By Ruzanna Khachatrian and Astghik Bedevian
The Armenian parliament began debating on Monday a European-backed bill that would ease serious restrictions on freedom of assembly imposed by the government following the bloody suppression of post-election opposition protests in Yerevan.
The government has faced strong pressure from the United States, the European Union and other international bodies to lift the de facto ban on opposition rallies, which took the form of amendments to Armenia’s law on public gatherings.
The bill debated by the National Assembly would rescind or change some of those amendments. It was drawn up on the basis of understandings reached last month by the parliament leadership and representatives of the Council of Europe’s Venice Commission. In its written opinion made public last week, the commission said the proposed fresh amendments to the law “largely address the concerns” expressed by the Council of Europe and the Organization for Security and Cooperation in Europe.
In particular, the bill would scrap a clause that allows the Armenian authorities to “temporarily” ban rallies for an unspecified period of time after previous street gatherings resulting in casualties. The authorities said earlier that the ban is necessary for preventing a repeat of the March 1 deadly clashes in Yerevan between security forces and opposition supporters protesting against official results of the February 19 presidential election.
The authorities have also agreed to somewhat limit the discretionary authority of the Armenian police and the National Security Service (NSS) to forbid anti-government rallies on the grounds that they pose a threat to “state security, public order, public health and morality.” The two law-enforcement agencies would now be able to impose such bans only if there is “imminent danger of violence or a real threat” to national security.
Organizers of banned rallies would be able to challenge “justified official opinions” of the police or the NSS in court. A court would have to overturn or uphold the ban within 24 hours.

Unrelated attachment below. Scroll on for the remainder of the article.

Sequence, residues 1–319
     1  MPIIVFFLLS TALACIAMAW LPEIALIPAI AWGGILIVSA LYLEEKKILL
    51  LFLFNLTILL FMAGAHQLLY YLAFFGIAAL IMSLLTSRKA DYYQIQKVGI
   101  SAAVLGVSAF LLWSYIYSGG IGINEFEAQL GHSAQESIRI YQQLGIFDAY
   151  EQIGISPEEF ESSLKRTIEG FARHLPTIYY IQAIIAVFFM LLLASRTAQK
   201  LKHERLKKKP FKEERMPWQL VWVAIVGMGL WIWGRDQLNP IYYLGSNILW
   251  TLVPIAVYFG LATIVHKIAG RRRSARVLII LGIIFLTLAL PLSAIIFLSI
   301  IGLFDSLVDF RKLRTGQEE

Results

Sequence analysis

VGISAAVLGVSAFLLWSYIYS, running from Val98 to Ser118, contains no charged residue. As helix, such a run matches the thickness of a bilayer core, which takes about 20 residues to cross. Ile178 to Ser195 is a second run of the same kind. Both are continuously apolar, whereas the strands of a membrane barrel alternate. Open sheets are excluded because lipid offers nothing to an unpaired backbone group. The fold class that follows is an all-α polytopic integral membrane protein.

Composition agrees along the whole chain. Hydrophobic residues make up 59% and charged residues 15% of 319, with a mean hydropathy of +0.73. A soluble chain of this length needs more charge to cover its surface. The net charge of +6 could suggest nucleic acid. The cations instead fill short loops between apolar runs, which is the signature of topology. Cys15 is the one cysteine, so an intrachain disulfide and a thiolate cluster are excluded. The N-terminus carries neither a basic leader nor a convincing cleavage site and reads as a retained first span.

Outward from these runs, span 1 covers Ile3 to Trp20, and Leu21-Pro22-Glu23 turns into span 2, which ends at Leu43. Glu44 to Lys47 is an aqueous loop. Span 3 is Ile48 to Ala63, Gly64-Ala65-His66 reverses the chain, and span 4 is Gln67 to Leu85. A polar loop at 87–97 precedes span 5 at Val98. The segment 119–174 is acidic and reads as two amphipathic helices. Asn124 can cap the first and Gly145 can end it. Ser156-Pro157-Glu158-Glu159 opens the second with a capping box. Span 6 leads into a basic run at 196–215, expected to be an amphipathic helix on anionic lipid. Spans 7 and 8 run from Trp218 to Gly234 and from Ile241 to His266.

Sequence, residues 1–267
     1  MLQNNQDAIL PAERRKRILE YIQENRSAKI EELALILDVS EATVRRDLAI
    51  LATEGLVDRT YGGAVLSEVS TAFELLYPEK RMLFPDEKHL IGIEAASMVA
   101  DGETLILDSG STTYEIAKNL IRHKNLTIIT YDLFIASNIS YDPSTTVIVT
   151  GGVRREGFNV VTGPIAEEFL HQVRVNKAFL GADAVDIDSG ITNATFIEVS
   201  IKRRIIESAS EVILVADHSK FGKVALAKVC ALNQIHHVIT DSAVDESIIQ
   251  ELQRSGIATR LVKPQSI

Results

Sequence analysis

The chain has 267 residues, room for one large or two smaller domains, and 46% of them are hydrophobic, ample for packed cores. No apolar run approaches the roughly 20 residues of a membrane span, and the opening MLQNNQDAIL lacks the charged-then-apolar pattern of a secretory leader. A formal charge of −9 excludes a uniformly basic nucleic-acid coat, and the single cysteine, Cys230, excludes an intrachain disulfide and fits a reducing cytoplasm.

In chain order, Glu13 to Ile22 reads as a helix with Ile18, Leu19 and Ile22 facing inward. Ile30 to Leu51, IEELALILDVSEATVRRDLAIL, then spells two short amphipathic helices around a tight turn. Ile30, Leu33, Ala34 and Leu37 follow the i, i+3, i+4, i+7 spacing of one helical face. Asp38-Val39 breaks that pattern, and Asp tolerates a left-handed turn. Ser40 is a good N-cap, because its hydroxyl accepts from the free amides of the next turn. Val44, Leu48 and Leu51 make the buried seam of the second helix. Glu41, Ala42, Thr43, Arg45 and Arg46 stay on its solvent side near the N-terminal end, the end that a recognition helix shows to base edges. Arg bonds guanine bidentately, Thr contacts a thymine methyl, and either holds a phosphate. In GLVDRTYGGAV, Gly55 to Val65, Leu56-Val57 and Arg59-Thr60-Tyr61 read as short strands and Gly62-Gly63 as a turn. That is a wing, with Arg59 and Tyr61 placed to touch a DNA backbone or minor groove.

The bill also envisages the restoration of Armenians’ right to hold “spontaneous” street protests without prior application to municipal authorities. But it makes clear that a spontaneous protest can not last for more than six hours.
The main parliament factions loyal to the government said they will vote for the amendments, making their passage a forgone conclusion. Vahan Hovannisian, the parliamentary leader of the Armenian Revolutionary Federation (Dashnaktsutyun), cited the need to reverse a “step backwards” from democracy and comply with the April 17 resolution on Armenia adopted by the Council of Europe Parliamentary Assembly (PACE).
As well as urging the lifting of the effective rally ban, the PACE demanded that the authorities in Yerevan release political prisoners and allow an independent inquiry into the March 1 clashes that left at least ten people dead. The Strasbourg-based assembly warned that failure to take these measures before its June session could lead to the suspension of the voting rights of its Armenian members.
Despite the positive opinion of Council of Europe experts, the seven deputies representing Zharangutyun, the only opposition party represented in the 131-member parliament, dismissed the amendments as cosmetic. Their skepticism was echoed by a spokesman for former President Levon Ter-Petrosian, the main opposition presidential candidate who led the post-election demonstrations in Yerevan.
Arman Musinian claimed that the authorities are taking no “real steps” to meet the PACE demands. “Repressions against citizens are continuing,” he said. “The have gained new momentum since the [May 2] second congress of the popular movement.”
“Hundreds of citizens are summoned [to police stations] for questioning without warrants,” Musinian told a news conference. “Also questioned are citizens who contributed financially to Ter-Petrosian’s campaign fund. The authorities are trying to terrorize the opposition by all possible means.”
Musinian confirmed that Ter-Petrosian could urge supporters to take to the streets on June 20, three days before the start of the next PACE session, if the authorities continue to ban opposition rallies. “If their common sense does not prevail by that time … we must exercise our constitutional right,” he said.